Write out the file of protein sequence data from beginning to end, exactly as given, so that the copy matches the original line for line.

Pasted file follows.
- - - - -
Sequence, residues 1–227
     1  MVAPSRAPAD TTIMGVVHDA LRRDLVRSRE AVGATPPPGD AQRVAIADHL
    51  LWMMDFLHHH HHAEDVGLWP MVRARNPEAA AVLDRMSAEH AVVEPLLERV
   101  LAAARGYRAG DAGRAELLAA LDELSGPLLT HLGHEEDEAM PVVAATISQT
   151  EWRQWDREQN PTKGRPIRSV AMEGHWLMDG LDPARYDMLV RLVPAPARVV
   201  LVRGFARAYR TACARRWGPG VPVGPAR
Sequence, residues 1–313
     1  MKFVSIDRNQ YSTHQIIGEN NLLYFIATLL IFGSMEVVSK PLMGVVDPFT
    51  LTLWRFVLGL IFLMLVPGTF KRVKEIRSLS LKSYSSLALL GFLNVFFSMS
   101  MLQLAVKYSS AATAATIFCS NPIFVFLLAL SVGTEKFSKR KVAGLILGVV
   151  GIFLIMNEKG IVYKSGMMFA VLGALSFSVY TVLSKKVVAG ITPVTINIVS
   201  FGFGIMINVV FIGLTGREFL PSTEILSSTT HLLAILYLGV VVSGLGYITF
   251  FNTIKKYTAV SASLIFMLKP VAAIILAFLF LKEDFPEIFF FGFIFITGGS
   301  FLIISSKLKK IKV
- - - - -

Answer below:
Sequence, residues 1–227
     1  MVAPSRAPAD TTIMGVVHDA LRRDLVRSRE AVGATPPPGD AQRVAIADHL
    51  LWMMDFLHHH HHAEDVGLWP MVRARNPEAA AVLDRMSAEH AVVEPLLERV
   101  LAAARGYRAG DAGRAELLAA LDELSGPLLT HLGHEEDEAM PVVAATISQT
   151  EWRQWDREQN PTKGRPIRSV AMEGHWLMDG LDPARYDMLV RLVPAPARVV
   201  LVRGFARAYR TACARRWGPG VPVGPAR
Sequence, residues 1–313
     1  MKFVSIDRNQ YSTHQIIGEN NLLYFIATLL IFGSMEVVSK PLMGVVDPFT
    51  LTLWRFVLGL IFLMLVPGTF KRVKEIRSLS LKSYSSLALL GFLNVFFSMS
   101  MLQLAVKYSS AATAATIFCS NPIFVFLLAL SVGTEKFSKR KVAGLILGVV
   151  GIFLIMNEKG IVYKSGMMFA VLGALSFSVY TVLSKKVVAG ITPVTINIVS
   201  FGFGIMINVV FIGLTGREFL PSTEILSSTT HLLAILYLGV VVSGLGYITF
   251  FNTIKKYTAV SASLIFMLKP VAAIILAFLF LKEDFPEIFF FGFIFITGGS
   301  FLIISSKLKK IKV